Auctor purus, aliquet risus tincidunt erat nulla sed quam blandit mattis id gravida elementum, amet id libero nibh urna nisi sit sed. Velit enim at purus arcu sed ac. Viverra maecenas id netus euismod phasellus et tempus rutrum tellus nisi, amet porttitor facilisis aenean faucibus eu nec pellentesque id. Volutpat, pellentesque cursus sit at ut a imperdiet duis turpis duis ultrices gravida at aenean amet mattis sed aliquam augue nisl cras suscipit.
At elit elementum consectetur interdum venenatis et id vestibulum id imperdiet elit urna sed vulputate bibendum aliquam. Tristique lectus tellus amet, mauris lorem venenatis vulputate morbi condimentum felis et lobortis urna amet odio leo tincidunt semper sed bibendum metus, malesuada scelerisque laoreet risus duis.
Ullamcorper pellentesque a ultrices maecenas fermentum neque eget. Habitant cum esat ornare sed. Tristique semper est diam mattis elit. Viverra adipiscing vulputate nibh neque at. Adipiscing tempus id sed arcu accumsan ullamcorper dignissim pulvinar ullamcorper urna, habitasse. Lectus scelerisque euismod risus tristique nullam elementum diam libero sit sed diam rhoncus, accumsan proin amet eu nunc vel turpis eu orci sit fames.
“Sit enim porttitor vehicula consequat urna, eleifend tincidunt vulputate turpis, dignissim pulvinar ullamcorper”
Nisi in sem ipsum fermentum massa quisque cursus risus sociis sit massa suspendisse. Neque vulputate sed purus, dui sit diam praesent ullamcorper at in non dignissim iaculis velit nibh eu vitae. Bibendum euismod ipsum euismod urna vestibulum ut ligula. In faucibus egestas dui integer tempor feugiat lorem venenatis sollicitudin quis ultrices cras feugiat iaculis eget.
Id ac imperdiet est eget justo viverra nunc faucibus tempus tempus porttitor commodo sodales sed tellus eu donec enim. Lectus eu viverra ullamcorper ultricies et lacinia nisl ut at aliquet lacus blandit dui arcu at in id amet orci egestas commodo sagittis in. Vel risus magna nibh elementum pellentesque feugiat netus sit donec tellus nunc gravida feugiat nullam dignissim rutrum lacus felis morbi nisi interdum tincidunt. Vestibulum pellentesque cursus magna pulvinar est at quis nisi nam et sed in hac quis vulputate vitae in et sit. Interdum etiam nulla lorem lorem feugiat cursus etiam massa facilisi ut.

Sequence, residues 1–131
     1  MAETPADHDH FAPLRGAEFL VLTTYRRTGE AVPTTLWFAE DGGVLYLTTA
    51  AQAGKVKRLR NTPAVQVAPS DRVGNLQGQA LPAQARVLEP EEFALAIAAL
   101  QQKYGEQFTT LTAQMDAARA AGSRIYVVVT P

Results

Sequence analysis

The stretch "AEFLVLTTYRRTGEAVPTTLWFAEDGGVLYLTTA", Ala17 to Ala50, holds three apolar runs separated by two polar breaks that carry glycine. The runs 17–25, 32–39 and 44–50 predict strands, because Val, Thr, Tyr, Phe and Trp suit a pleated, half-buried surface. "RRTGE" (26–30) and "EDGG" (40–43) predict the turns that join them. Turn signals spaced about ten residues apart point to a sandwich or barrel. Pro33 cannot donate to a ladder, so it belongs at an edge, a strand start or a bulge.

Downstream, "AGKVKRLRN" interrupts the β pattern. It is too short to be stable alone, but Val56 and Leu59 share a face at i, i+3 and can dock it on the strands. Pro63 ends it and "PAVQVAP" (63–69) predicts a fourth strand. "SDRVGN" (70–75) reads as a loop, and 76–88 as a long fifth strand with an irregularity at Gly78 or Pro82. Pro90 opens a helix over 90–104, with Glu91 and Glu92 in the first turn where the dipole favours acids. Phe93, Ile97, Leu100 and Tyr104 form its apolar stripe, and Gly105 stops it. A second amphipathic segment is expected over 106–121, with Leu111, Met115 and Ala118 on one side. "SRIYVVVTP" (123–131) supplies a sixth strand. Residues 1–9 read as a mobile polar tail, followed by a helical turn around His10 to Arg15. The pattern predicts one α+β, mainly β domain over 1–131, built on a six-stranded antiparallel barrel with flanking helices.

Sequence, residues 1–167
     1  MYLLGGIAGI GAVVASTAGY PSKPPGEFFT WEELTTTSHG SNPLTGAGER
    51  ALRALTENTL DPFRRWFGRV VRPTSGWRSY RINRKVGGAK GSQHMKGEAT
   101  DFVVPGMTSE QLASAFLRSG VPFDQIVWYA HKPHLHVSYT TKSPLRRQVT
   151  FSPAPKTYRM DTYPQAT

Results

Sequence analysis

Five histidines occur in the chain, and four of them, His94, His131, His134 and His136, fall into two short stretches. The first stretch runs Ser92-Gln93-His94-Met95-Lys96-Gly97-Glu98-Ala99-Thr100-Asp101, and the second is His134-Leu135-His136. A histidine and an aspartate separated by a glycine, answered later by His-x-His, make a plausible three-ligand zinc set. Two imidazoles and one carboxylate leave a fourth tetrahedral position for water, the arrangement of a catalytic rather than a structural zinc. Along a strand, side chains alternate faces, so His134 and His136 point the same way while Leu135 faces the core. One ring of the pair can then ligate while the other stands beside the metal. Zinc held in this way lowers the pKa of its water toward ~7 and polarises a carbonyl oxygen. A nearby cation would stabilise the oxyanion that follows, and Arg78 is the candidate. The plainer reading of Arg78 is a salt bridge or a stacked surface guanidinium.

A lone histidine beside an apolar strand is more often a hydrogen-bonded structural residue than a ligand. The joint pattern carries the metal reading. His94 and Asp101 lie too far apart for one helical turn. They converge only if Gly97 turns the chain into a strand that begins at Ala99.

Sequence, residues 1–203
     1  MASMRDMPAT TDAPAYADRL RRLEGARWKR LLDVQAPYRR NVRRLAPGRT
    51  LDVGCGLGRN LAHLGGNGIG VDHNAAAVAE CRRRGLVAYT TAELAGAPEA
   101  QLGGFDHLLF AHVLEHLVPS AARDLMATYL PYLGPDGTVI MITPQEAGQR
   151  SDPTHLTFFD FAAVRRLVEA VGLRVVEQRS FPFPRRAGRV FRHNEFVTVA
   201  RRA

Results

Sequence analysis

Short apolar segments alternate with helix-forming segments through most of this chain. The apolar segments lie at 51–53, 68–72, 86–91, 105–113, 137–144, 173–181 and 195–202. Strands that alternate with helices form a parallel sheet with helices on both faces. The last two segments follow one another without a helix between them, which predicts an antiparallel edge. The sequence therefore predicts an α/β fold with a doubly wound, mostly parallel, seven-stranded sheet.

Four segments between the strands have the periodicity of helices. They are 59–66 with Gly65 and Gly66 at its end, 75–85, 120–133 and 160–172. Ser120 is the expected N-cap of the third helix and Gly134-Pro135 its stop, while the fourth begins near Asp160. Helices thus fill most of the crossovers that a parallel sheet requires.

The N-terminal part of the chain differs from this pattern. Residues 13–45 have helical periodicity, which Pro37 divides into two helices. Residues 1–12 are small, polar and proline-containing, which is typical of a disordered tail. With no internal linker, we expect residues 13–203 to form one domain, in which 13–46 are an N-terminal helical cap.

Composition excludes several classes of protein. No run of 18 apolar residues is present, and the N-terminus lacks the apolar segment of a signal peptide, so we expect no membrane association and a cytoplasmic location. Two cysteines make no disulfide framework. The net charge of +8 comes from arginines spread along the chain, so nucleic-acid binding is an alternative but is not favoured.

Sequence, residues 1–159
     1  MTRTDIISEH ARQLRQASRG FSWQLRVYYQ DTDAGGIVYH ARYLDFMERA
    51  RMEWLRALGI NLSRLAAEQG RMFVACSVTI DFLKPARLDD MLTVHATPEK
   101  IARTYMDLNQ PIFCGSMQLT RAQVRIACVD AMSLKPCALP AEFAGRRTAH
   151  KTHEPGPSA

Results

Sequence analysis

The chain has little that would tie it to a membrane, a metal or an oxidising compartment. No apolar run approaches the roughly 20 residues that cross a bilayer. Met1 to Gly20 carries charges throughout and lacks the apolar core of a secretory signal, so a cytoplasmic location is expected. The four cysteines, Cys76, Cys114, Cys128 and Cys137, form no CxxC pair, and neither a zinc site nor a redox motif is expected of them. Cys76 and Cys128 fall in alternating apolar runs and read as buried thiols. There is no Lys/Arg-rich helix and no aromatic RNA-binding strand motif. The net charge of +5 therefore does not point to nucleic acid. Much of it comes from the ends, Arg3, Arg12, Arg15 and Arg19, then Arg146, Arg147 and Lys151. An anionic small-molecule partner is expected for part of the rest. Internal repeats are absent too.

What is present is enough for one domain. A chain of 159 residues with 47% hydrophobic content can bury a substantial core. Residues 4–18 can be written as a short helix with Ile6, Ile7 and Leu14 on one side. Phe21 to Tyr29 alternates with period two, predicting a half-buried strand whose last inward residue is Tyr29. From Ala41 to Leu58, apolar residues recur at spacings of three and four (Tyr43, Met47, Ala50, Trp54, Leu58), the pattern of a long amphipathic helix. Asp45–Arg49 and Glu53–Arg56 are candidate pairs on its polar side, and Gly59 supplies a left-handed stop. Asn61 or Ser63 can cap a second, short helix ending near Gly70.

For those just joining my blog series CSM from the Trenches, welcome. In this series I discuss trends, best practices, and advice for frontline customer success managers (CSMs).
Being on the CSM frontline allows us to directly influence the success of our clients. I love that; as our clients are successful, we’re successful. Let’s move forward with this week's blog post!
Each company might have a different use for segmentation - it could be how customers are tiered, products are sorted, or annualized recurring revenue (ARR) is distributed.
For the purpose of this article, I’ll define segmentation as the ability to focus on the right customers at the right time. Let me explain, CSMs keep track of many customer interactions, ranging from customer health (Pulse) to various engagements. Imagine defining segmented views for “at risk” or “renewing” clients based on your own criteria? A dynamic approach to viewing your book of business opens the doors for endless possibilities, which can help you develop authentic, intelligent relationships with you customers.
4 Segmented Strategic Views for Frontline CSMs
ClientSuccess segmentation enables CSMs to set their own filters to create and save segmented client views, where clients are automatically added or removed as conditions change.
Here are 4 segmentation strategic views for frontline CSMs:
1) Segmentation by Customer Health or Pulse
Pulse-related segments are often be the most valuable, because you can clearly see certain client profiles. Consider the following scenario: your CEO (or some other executive) comes to you wanting to know clients who have expressed a desire to churn and who will renew in Q1 2017. Where do you begin?